The French government is considering changing speeding laws so that drivers will not lose points on their licence if they are caught going just a few kilometres over the speed limit.

France proposes getting rid of penalties for 'minor' speeding offences

France’s Interior Ministry is considering changing its current rules for minor speeding violations – proposing getting rid of the penalty for drivers who only violate the rule by going just a few kilometres over the speed limit.

The Ministry has not laid out a timeline for when this could come into effect, but they said they are currently in the preliminary stages of studying how the change could be carried out.

“The fine of course remains,” said the Interior Ministry to French daily Le Parisien.

That is to say you can still be fined for going five kilometres over the speed limit, but there might not be any more lost points for driving a couple kilometres over the posted limit. 

READ ALSO These are the offences that can cost you points on your driving licence

Of the 13 million speeding tickets issued each year in France, 58 percent are for speeding violations of less than 5 km per hour over the limit, with many coming from automated radar machines.

How does the current rule work?

The rule itself is already a bit flexible, depending on where the speeding violation occurs.

If the violation happens in an urban area or low-speed zone (under 50 km per hour limit), then it is considered a 4th class offence, which involves a fixed fine of €135. Drivers can also lose a point on their licences as a penalty for this offence.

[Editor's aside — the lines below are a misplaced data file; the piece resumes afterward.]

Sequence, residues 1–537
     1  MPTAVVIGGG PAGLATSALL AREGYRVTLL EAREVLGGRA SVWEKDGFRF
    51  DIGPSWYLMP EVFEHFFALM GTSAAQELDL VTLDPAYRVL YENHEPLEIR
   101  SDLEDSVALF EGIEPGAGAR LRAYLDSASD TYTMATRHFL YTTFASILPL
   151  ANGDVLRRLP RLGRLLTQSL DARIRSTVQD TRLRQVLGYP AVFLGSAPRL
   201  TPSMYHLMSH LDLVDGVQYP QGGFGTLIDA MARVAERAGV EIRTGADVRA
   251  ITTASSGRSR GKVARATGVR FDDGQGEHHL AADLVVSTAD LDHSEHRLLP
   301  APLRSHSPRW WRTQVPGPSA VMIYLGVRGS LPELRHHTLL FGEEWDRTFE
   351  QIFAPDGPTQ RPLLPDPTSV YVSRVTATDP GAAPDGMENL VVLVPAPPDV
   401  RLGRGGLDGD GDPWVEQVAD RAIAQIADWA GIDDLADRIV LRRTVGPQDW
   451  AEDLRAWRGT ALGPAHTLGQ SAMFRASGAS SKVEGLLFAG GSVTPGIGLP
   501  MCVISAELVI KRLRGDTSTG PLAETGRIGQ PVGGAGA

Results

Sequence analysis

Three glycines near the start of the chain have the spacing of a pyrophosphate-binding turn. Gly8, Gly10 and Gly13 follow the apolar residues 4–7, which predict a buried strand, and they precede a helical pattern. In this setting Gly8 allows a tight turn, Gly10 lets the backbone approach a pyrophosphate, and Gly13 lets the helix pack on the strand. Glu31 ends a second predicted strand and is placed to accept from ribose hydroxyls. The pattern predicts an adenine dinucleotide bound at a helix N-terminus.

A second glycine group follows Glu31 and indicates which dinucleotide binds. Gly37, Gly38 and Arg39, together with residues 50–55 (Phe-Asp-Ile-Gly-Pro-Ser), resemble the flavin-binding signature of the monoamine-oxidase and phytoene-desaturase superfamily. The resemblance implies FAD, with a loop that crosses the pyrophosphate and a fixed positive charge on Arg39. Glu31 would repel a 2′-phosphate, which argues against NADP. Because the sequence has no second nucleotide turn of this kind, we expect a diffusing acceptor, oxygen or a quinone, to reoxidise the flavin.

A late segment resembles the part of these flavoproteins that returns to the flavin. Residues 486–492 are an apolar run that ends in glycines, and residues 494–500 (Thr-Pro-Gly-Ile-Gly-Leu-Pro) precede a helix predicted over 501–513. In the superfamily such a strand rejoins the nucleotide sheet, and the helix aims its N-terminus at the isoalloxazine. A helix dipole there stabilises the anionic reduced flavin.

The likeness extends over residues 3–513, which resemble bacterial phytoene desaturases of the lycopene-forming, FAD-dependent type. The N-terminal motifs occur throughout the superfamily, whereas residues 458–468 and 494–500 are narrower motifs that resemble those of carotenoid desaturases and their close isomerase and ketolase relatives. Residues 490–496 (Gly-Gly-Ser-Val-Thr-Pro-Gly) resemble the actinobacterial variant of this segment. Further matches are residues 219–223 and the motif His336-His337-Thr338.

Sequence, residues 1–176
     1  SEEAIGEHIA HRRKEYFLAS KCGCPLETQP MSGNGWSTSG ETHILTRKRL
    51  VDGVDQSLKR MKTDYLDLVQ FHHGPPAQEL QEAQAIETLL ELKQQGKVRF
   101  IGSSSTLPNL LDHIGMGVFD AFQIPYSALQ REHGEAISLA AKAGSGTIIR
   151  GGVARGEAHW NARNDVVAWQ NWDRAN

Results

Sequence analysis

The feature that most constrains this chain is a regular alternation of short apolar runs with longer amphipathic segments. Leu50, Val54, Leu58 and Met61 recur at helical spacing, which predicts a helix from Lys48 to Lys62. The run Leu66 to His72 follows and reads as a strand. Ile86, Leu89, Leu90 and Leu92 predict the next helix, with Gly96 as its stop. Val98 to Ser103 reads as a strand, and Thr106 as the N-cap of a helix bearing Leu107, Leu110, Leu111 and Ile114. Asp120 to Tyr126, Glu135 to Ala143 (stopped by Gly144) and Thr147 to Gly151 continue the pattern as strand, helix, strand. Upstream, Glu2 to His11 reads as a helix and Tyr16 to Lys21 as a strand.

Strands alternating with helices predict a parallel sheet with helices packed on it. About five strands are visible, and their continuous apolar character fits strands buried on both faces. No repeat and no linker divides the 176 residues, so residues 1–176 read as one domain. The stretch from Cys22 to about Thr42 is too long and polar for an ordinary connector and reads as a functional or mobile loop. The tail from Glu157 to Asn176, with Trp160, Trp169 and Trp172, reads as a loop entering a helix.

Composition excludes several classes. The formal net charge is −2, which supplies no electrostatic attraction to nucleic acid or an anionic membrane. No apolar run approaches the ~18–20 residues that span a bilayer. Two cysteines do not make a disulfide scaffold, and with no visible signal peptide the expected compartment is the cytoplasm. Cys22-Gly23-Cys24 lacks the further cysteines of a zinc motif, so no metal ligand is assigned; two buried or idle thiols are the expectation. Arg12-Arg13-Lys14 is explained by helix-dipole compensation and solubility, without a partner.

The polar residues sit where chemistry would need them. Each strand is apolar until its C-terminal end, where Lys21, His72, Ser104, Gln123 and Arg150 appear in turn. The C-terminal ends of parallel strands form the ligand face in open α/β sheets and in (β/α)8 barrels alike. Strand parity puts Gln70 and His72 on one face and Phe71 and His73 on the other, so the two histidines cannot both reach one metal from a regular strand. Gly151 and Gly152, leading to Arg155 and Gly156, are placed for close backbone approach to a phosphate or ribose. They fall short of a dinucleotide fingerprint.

Whereas, on highways and high-speed roads, the consequences of speeding by 5 km per hour are less severe. The offence is only considered 3rd class, which means the fixed fine is €68. There is still the possibility of losing a point on your licence, however. 

How do people feel about this?

Pierre Chasseray, a representative from the organisation “40 Millions d’Automobilistes,” thinks the government should do away with all penalties for minor speeding offences, including fines. He told French daily Le Parisien that this is only a “first step.”

Meanwhile, others are concerned that the move to get rid of points-deductions could end up encouraging people to speed, as they’ll think there is no longer any consequence.

To avoid being accused of carelessness, France’s Interior Ministry is also promising to become “firmer” with regards to people who use other people’s licences in order to get out of losing points – say by sending their spouse’s or grandmother’s instead of their own after being caught speeding. The Interior Ministry plans to digitalise license and registration in an effort to combat this. 

Ultimately, if you are worried about running out of points on your licence, there are still ways to recover them.

You can recover your points after six months of driving without committing any other offences, and there are also awareness training courses that allow you to gain your points back. It should be noted, however, that these trainings typically cost between €150 and €250, and they do not allow you to regain more than four points.